Health information managers in Australia want their hospitals to invest more in analytics and auditing software, reflecting their desire for high coding quality and professional evolution leaning toward analytics.
This is according to a recently published research report from Code Focus, the coding and clinical audit division of IT consultancy Data Agility.
The survey collected responses from 87 HIMs to gain their insights on health information systems (HIS) departments and the quality of hospital data.
The survey found that about a third of all respondents want their hospitals to invest more in analysis and/or auditing software. According to Code Focus, senior management will see better business outcomes by providing HIMs with tools for data analysis and coding quality.
The report also identified the three main causes of poor coding quality in HIS departments: incomplete clinical documentation; variations in interpretations of coding standards; and pressure caused by quotas for HIMs and clinical coders.
Code Focus pointed to a major difference of opinion about the adequacy of personnel in the HIS department. Only 45% of managers say they have enough staff, compared to 71% of executives who think the same.
Another area of disparity in attitudes among staff and leadership concerns training and education, with 88% of directors believing that their HIMs receive adequate training, compared to 53% of managers. This means that a significant proportion of managers surveyed (47%) are dissatisfied with their training, indicating a “strong desire for further managerial training but not being met by executives,” the report said.
While most HIS directors believe that their HIMs receive adequate training, none of them believe they attend six or more webinars per year, indicating that they are unaware of the amount of training and education required for ongoing professional development, the report emphasizes.
Moreover, when asked what they think will be their biggest challenge by the end of 2023, HIS directors said it’s the use of cloud computing, while executives and officials think it’s the increasing amount of data.
Meanwhile, the report also found an association between the two main reasons for satisfaction and dissatisfaction with their HIS – investment in HIT and training. For example, the pressure to meet quotas is a major cause of dissatisfaction with HIMs in large hospitals, while this is not the case with small and medium-sized hospitals.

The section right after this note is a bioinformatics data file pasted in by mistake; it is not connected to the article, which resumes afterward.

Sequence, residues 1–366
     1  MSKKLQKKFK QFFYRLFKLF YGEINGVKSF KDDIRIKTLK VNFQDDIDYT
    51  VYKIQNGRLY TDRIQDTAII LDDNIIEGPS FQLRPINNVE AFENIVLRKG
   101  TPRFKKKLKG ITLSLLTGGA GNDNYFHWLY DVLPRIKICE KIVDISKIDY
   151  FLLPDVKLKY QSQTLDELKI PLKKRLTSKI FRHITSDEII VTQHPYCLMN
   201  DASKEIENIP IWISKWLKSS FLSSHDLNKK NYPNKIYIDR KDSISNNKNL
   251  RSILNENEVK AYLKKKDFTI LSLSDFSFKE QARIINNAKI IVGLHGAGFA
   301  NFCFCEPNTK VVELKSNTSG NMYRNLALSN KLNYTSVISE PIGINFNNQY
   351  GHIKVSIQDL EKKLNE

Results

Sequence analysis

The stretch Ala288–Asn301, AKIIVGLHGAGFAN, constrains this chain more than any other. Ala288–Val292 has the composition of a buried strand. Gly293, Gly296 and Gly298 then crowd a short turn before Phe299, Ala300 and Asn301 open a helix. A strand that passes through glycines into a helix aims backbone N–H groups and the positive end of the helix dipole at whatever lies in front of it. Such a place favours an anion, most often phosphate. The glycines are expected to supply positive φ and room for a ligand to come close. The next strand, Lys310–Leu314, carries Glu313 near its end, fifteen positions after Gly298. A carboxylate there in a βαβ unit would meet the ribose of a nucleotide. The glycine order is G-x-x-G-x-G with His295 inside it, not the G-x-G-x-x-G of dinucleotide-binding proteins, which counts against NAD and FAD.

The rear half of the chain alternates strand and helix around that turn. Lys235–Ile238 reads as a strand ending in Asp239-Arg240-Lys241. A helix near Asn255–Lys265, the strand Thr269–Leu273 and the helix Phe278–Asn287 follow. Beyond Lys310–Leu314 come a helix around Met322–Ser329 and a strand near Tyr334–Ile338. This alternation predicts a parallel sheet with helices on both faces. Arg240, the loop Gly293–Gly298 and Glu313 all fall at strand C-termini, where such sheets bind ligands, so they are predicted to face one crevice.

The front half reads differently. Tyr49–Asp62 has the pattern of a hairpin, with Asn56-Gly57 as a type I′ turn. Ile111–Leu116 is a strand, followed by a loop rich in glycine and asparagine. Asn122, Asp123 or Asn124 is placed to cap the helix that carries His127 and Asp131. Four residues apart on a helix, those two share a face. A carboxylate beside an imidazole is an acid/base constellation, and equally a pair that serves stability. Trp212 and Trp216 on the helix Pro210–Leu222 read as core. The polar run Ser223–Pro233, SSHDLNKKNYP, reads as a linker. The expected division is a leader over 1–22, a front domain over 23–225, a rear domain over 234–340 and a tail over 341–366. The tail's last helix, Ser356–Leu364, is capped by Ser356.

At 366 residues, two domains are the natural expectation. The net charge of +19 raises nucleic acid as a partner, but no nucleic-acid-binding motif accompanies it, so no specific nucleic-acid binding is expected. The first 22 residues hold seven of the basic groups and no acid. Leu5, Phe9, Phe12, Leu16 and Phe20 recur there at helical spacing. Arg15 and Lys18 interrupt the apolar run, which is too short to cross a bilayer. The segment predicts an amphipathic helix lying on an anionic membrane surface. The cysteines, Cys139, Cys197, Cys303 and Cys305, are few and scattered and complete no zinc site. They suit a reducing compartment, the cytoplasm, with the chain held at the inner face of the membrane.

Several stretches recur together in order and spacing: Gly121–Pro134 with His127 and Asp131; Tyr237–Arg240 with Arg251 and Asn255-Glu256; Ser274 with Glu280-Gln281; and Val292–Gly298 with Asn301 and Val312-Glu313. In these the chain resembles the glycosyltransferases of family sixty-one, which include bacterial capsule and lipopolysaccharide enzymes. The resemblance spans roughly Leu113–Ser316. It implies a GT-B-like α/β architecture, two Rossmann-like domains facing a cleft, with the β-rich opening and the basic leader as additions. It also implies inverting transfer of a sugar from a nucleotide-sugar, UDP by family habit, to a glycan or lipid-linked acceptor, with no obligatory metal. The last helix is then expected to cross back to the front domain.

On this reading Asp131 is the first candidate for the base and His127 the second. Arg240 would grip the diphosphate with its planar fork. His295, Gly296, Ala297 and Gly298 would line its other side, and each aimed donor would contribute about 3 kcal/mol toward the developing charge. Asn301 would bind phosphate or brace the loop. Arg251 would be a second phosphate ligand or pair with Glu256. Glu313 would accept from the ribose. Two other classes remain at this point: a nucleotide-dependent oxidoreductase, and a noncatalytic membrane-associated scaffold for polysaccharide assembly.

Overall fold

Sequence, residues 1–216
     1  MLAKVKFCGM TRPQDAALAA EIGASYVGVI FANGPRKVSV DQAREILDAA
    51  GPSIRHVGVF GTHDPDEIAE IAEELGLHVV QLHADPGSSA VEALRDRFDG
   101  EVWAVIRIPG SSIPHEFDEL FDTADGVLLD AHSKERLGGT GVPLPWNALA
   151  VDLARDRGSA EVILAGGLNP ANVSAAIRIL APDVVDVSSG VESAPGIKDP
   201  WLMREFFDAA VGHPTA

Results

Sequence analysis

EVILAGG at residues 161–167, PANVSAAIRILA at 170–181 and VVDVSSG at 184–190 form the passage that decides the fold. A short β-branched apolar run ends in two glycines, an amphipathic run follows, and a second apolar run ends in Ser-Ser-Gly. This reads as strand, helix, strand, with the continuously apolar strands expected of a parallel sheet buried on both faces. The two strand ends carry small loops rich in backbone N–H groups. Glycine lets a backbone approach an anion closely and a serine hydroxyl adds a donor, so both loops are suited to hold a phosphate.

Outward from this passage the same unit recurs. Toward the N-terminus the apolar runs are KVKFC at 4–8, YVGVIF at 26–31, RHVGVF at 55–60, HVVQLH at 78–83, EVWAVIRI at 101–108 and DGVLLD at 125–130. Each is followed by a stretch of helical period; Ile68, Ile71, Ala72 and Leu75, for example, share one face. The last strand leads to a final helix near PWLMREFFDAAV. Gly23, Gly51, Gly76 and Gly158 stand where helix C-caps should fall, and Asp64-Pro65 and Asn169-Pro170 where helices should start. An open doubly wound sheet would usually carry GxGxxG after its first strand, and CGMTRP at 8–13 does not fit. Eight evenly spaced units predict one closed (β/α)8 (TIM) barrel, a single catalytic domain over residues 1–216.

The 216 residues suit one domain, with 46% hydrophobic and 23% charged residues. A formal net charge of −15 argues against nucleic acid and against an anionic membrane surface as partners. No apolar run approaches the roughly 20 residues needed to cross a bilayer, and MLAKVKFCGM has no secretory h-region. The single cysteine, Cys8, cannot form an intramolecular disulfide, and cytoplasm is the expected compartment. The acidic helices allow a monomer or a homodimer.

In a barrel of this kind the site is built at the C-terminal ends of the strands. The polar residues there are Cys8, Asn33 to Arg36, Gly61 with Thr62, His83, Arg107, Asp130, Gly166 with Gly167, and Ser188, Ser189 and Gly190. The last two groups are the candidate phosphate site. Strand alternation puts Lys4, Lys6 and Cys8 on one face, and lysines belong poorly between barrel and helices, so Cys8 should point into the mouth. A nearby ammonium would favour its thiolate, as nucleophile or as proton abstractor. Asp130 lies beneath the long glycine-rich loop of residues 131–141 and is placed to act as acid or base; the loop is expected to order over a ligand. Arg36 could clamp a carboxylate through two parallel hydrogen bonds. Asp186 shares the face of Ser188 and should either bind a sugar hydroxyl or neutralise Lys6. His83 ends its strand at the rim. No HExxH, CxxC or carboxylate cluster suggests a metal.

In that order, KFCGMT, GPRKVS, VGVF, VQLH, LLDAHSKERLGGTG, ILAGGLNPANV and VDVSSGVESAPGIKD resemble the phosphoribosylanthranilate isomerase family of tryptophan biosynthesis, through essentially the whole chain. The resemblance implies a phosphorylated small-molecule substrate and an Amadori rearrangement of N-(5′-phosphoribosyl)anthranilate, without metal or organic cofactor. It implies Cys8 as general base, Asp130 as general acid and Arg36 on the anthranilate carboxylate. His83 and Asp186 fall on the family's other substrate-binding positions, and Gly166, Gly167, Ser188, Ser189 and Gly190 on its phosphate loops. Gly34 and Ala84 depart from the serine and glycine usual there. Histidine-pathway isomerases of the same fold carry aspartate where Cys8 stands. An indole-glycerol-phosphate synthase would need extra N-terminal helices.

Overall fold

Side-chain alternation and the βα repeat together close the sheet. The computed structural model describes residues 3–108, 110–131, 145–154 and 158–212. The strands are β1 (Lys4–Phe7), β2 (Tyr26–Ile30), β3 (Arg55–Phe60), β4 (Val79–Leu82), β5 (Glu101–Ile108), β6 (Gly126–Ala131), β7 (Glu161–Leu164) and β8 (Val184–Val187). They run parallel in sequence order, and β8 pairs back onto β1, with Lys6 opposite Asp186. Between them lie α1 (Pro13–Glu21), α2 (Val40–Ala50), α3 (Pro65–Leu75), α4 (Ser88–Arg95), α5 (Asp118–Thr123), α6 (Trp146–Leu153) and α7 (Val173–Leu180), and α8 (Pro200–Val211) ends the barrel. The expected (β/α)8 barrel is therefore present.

To achieve better business results and have a more satisfied HIS workforce, Code Focus proposes three things:
Provide continuing education and training programs for HIMs;
Investing in health information technologies; and
Ensure clear communication within the organization.
“There is a discrepancy between the directors and the departmental managers of ZIJN about how much work goes into high-quality coding. The medical record has evolved, and so has the role of the HIM. HIMs are no longer administrative support for hospitals. instead, they work with software, policies, and processes to ensure high-quality coding, leading to better business outcomes,” noted Code Focus.
THE BIGGER TREND
In recent years, public health systems across Australia have taken steps to upgrade their respective HIS, especially their EHR platforms. Just last week, the The Northern Territory government began rolling out its Acacia patient record system with a go-live at Katherine Hospital. Earlier this month, the ACT government gave an additional $35 million this year to fully implement its state-wide digital health record system.
In other related news, information managers were found to be among the top earners in the Australian health industry, based on the latest insights provided by the job market portal SEARCH. Of all positions, theirs is the second highest average salary, rising 20% year over year to A$113,880 (about $78,000).